On the last and greatest day of the festival, Jesus stood and said in a loud voice, “Let anyone who is thirsty come to me and drink. Whoever believes in me, as Scripture has said, rivers of living water will flow from within them.” By this he meant the Spirit, whom those who believed in him were later to receive. Up to that time the Spirit had not been given since Jesus had not yet been glorified. (John 7:37-39)
This “living water”, the Holy Spirit, would flow from Jesus – who was God on earth – to his followers, and give sustenance, refreshment, and life. As the apostle John’s Gospel notes, though, the time for the giving of the Holy Spirit had not yet occurred. That would later happen, once Jesus had been glorified in heaven, an act that would come after his crucifixion, resurrection, and ascension into heaven. After that glorifying of Jesus in heaven, he would then send his Holy Spirit to his followers, so they would not be Fatherless, spiritual orphans in this world. Jesus would go up and the Holy Spirit would come down. Jesus explained to his followers how that process would come about:
“And I will ask the Father, and he will give you another advocate to help you and be with you forever — the Spirit of truth. The world cannot accept him because it neither sees him nor knows him. But you know him, for he lives with you and will be in you. I will not leave you as orphans; I will come to you.” (John 14:16-18)
The Spirit would come not simply to ensure God’s presence with humans at all times – as wonderful and important as that is – but also to reveal certain spiritual truths as we will now hear.
“When the Advocate comes, whom I will send to you from the Father—the Spirit of truth who goes out from the Father — he will testify about me.” (John 15:26)
“But very truly I tell you, it is for your good that I am going away. Unless I go away, the Advocate will not come to you; but if I go, I will send him to you. When he comes, he will prove the world to be in the wrong about sin and righteousness and judgment: about sin, because people do not believe in me; about righteousness, because I am going to the Father, where you can see me no longer; and about judgment, because the prince of this world now stands condemned. I have much more to say to you, more than you can now bear. But when he, the Spirit of truth, comes, he will guide you into all the truth. He will not speak on his own; he will speak only what he hears, and he will tell you what is yet to come. He will glorify me because it is from me that he will receive what he will make known to you. All that belongs to the Father is mine. That is why I said the Spirit will receive from me what he will make known to you.” (John 16:7-15)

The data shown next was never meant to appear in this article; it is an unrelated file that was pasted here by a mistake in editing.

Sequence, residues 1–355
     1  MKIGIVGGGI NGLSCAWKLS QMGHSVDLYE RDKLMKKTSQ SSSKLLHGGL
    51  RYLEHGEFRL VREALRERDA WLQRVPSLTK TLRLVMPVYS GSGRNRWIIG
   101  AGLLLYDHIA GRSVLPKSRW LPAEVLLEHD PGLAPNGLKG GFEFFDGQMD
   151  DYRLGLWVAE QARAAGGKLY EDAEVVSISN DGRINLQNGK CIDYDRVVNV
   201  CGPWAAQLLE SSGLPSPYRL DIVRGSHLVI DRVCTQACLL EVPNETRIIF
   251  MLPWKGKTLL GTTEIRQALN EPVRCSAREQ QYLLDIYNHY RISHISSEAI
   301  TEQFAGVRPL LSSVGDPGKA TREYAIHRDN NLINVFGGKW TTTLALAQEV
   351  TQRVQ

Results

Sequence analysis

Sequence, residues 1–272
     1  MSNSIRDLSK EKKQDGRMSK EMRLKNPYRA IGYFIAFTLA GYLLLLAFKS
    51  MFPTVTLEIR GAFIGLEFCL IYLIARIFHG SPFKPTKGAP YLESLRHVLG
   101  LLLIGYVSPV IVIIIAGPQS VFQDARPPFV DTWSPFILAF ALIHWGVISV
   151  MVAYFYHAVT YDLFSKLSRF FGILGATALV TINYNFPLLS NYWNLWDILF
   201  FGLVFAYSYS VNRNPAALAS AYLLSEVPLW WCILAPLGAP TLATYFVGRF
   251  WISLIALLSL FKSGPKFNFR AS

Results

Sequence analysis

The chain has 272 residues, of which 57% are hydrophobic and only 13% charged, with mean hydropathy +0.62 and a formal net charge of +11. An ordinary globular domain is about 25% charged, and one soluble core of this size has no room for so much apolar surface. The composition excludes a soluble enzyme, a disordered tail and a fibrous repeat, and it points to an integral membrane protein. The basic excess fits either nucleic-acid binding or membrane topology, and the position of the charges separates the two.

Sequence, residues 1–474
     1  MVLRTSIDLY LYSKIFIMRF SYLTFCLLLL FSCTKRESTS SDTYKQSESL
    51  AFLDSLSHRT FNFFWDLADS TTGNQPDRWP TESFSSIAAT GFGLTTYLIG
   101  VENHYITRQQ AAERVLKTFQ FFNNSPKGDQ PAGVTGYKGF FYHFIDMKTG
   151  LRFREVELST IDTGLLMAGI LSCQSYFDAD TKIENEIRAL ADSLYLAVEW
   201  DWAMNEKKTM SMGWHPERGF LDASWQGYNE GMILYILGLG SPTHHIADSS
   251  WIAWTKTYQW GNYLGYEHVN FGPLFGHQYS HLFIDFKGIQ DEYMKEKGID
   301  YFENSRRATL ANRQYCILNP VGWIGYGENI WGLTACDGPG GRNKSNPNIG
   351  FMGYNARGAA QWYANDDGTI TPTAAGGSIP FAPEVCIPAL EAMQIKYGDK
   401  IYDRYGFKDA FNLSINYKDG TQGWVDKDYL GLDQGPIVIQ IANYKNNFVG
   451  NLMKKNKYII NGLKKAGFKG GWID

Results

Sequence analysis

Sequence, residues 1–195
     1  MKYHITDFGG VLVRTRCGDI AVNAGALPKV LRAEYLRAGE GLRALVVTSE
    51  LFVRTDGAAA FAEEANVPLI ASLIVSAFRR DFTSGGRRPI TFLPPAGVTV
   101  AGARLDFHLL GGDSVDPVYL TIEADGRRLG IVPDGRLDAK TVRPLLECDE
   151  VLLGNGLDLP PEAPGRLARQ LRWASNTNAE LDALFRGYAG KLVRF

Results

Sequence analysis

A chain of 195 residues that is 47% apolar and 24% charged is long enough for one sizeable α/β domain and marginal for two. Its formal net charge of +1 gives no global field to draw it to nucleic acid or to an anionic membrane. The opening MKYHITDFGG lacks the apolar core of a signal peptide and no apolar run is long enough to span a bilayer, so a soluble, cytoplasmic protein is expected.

I read about a pastor who was doing chaplaincy work in a large hospital in Spokane, Washington. He was given the assignment of visiting a patient he had never before met. By mistake, he went into the wrong hospital room. A very old lady lay in the hospital bed. She didn’t respond in any way when he asked her to confirm her identity as well as other questions. The pastor recalled, “She just glared at me, her lips shut tight in a straight line. Eventually, I realized I had come into the wrong room and apologetically left.” He continued with his chaplaincy rounds but then received a note stating, much to his surprise, that the lady wanted him back in her room. So, he went back in, but before he went in he was informed that the lady could not speak. So, he devised a bunch of “yes” or “no” questions for her to nod or shake her head to. When he asked if she wanted to be saved, she nodded her head in assent, “yes”. He prayed with her a prayer for her salvation and because it was such a special and significant moment, he told her that he would return later, following the completion of his rounds. However, before he could do so, a few hours later, he received a second note saying that she had died. He writes, “I didn’t go into the wrong room, after all. This lady took advantage of the meeting without delay; otherwise, a day later, she would be gone. Where salvation is involved, we should expect the Holy Spirit to also be involved.”
In John’s Gospel book, we have read that the Holy Spirit: 1. Testifies about Jesus; 2. Teaches about sin; 3. Shows what righteousness is all about; 4. Judges the devil and his works; 5. Makes known all that Jesus would have us know; and, now we will read, that He, 6. Brings about salvation:
Jesus answered, “Very truly I tell you, no one can enter the kingdom of God unless they are born of water and the Spirit. Flesh gives birth to flesh, but the Spirit gives birth to spirit. You should not be surprised at my saying, ‘You must be born again.’ The wind blows wherever it pleases. You hear its sound, but you cannot tell where it comes from or where it is going. So, it is with everyone born of the Spirit.” (John 3:5-8)